Akhtar US, McWhinney RD, Rastogi N, Abbatt JP, Evans GJ, Scott JA.
Inhal Toxicol. 2010 Dec;22 Suppl 2:37-47.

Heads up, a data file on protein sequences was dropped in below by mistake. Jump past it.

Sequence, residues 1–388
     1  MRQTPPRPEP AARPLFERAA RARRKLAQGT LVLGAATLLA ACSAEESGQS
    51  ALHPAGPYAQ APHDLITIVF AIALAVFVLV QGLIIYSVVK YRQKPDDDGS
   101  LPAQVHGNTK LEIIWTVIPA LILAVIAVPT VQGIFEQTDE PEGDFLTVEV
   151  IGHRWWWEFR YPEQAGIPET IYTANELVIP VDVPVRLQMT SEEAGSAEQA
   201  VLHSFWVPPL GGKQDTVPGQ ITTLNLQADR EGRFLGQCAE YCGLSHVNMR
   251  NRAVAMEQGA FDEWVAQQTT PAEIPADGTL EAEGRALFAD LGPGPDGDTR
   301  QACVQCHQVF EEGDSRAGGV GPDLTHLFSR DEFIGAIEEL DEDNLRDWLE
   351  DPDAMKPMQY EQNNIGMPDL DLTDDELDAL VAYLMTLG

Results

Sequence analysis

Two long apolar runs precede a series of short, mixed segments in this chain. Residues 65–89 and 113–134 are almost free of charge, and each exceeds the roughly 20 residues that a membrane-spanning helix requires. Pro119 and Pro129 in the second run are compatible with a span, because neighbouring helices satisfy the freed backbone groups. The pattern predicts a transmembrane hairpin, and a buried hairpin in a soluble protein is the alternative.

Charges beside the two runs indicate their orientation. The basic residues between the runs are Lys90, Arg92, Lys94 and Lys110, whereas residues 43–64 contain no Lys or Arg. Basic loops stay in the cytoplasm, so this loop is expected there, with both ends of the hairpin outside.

The composition of airborne particulate matter (PM) varies widely depending on its source, and recent studies have suggested that particle-associated adverse health effects are related to particle composition. The objective of this study was to compare the biological/toxicological effects of different source-related PM. Specifically, we investigated the biological/toxicological effects of standard reference materials (SRMs): non-ferrous dust (PD-1, industrial), urban PM (UPM, SRM1648a), and diesel PM (DPM, SRM2975), and ambient PM(2.5) (PM with an aerodynamic diameter <2.5 µm) collected at an urban site (Toronto, Canada). The dithiothreitol assay was used to measure the redox activity of the particles. Human alveolar epithelial cells (A549) were exposed to a range of concentrations (10-1000 µg/ml) of total PM, and the respective water-soluble and insoluble fractions, for 24 h. Biological responses were then evaluated in terms of cytotoxicity and interleukin (IL)-8 release, and compared with the PM composition and redox activity. We demonstrated that transition metal-enriched PD-1 exhibited the greatest cytotoxic effect (LD(50) values of 100-400 µg/ml vs. >1000 µg/ml for the SRM1648a, SRM2975, and ambient PM(2.5)). Similarly, the PM-induced release of IL-8 was greatest for PD-1 (~6-9 ng/ml vs. ~1.5-3 ng/ml for others). These endpoints were more responsive to metals as compared with compared with secondary inorganic ions and organic compounds. Interestingly, we demonstrated a high degree of adsorption of IL-8 to the various SRMs and ambient PM(2.5), and subsequently derived a new correction method to aid in interpretation of these data. These characteristics likely impart differential effects toward the toxic and immune effects of PM.
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